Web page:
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Ranks of female surgeons on the rise

By ZHOU WENTING in Shanghai | CHINA DAILY | Updated: 2023-04-19 07:31
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From left: Yuqin, soon-to-be resident in chest surgery at Ruijin Hospital in Shanghai; Wang Yangyun, associate chief doctor of urology surgery at Shanghai No 5 People's Hospital; Kuang Jie, chief thyroid surgeon at Ruijin Hospital; Liu Li, 39, an associate chief surgeon of urology at Zhongshan Hospital in Shanghai; Yin Wenjin, chief breast surgery doctor at Renji Hospital in Shanghai. CHINA DAILY

More women join occupation long dominated by men

Kuang Jie, chief thyroid surgeon at Ruijin Hospital, a prestigious medical institution in Shanghai, was the only woman enrolled in its general surgery department when she began her career 25 years ago.

Over the years, the number of female surgeons in a field long dominated by men has increased gradually, with some women breaking new ground by working in departments such as neurosurgery and orthopedics, she said.

"Gender differences are narrowing across industries. Not all men are as strong as people imagine. Some are gentle, both in appearance and personality, while some women are quite resolute, brisk and efficient," Kuang said.

Several factors have contributed to the increased role played by women in medicine, she added.

Minimally invasive procedures now account for more than 90 percent of surgeries, significantly reducing their duration. Moreover, in addition to clinical skills, research and teaching capabilities become important in assessing a doctor's ability.

For many years, about one in every 10 surgeons at Kuang's hospital was a woman, but there has been a slight increase in this proportion in recent years.

A report issued in 2019 by the surgical branch of the Chinese Medical Doctor Association said women accounted for 6 percent of surgeons nationwide.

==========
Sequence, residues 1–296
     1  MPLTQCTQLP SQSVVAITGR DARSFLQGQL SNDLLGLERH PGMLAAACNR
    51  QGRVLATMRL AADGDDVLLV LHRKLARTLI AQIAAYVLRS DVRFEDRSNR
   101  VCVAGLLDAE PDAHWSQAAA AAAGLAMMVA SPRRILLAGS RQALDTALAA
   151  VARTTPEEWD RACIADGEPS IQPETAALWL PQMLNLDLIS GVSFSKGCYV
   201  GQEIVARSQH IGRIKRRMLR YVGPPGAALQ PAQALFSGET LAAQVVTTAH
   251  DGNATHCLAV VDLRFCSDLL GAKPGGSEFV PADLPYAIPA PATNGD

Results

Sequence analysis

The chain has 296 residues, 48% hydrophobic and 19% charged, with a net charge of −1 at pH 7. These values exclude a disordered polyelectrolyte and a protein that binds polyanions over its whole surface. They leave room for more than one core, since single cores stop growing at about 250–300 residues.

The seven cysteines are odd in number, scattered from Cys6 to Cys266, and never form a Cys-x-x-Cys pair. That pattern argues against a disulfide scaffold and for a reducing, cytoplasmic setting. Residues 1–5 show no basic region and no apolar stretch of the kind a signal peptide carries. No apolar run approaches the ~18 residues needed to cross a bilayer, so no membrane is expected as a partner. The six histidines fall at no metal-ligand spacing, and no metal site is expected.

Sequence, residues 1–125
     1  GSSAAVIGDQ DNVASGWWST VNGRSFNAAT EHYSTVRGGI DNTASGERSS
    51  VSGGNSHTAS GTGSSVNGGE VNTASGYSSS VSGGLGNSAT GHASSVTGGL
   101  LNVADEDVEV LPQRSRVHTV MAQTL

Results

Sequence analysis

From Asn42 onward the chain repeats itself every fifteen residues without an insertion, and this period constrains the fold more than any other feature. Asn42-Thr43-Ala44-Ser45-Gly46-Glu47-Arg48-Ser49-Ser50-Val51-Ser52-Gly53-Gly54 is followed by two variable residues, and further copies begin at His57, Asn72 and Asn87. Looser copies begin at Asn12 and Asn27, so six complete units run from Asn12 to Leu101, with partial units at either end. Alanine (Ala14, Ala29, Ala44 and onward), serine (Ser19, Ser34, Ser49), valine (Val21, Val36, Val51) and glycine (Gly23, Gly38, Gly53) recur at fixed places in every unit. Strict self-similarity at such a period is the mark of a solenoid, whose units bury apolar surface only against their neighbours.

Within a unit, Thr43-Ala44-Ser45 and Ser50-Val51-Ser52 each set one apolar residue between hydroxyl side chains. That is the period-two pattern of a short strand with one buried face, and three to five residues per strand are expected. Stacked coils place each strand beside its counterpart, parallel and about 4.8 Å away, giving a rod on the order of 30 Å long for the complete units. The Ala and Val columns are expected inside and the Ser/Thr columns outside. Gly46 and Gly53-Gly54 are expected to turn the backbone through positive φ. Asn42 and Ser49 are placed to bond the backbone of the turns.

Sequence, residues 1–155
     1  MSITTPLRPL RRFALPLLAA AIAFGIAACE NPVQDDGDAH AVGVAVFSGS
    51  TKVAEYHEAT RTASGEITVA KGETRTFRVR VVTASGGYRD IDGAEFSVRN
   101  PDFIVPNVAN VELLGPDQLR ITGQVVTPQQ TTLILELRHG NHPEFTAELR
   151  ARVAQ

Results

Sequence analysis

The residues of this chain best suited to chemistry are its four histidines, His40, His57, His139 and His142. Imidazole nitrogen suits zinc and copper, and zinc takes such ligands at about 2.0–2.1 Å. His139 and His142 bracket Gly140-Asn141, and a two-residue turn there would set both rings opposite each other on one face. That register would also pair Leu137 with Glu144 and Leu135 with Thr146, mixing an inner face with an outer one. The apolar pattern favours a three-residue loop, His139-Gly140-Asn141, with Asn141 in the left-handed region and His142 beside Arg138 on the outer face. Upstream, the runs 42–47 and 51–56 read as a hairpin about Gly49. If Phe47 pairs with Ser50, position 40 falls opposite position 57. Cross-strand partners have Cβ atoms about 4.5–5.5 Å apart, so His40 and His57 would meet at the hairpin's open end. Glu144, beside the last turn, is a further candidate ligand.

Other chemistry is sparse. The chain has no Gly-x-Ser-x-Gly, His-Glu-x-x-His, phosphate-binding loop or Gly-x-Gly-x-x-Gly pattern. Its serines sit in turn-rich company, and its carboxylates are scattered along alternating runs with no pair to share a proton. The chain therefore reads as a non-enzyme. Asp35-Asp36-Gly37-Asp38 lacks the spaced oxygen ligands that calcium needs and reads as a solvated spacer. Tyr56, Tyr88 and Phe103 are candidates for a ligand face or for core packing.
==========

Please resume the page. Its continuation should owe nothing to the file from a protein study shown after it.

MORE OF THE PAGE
Kuang said, "More women joining surgical departments may offer patients an unprecedented experience clinically, although the occupational barrier for them is still high."

After working as a resident in surgical and internal medicine departments in the late 1990s, she said she was more excited to work in the former department.

Over the years, Kuang has found that men's physical strength, a common reason among many people for excluding women as surgeons, is often not that evident.

"A male surgeon, just like a female surgeon, also feels exhausted after hours of surgery. Doctors battle such exhaustion regardless of their gender," she said.

It is also a common misunderstanding that doctors work under extreme pressure throughout a surgical operation, she said.

"I have never felt that way. Most procedures in a surgery are regular. For me, the mental stress during a surgery is no different to that resulting from seeing patients in an outpatient clinic, or working on a laptop," she said.

Kuang added that when medical students choose a career path now, they focus on the prospects in a particular discipline and a tutor's ranking in an individual field.

"There is no division between men and women when they consider the intensity of work in a department. Some men and women may hesitate in making a decision if a job is costly in terms of time and energy," she said.

Kuang added that the number of women in the medical field is related to the cultural development of a location.

Nurses from impoverished regions once asked her if she really was a doctor, as they had never seen a woman surgeon in their home areas.

Some women doctors said socializing in the workplace, where the rules are set by men and are usually more inclusive to males, may be a factor hindering women's career progress.

However, Kuang and other female surgeons said women in general have a stronger empathy, and are usually more talkative and composed in giving medical explanations to patients.

"Except for patients with extremely complicated diseases who seek the most authoritative medical experts, most patients have common diseases. They need doctors who can care for them, follow up on their treatment plans, discover their main concerns, and answer their questions," Kuang said.

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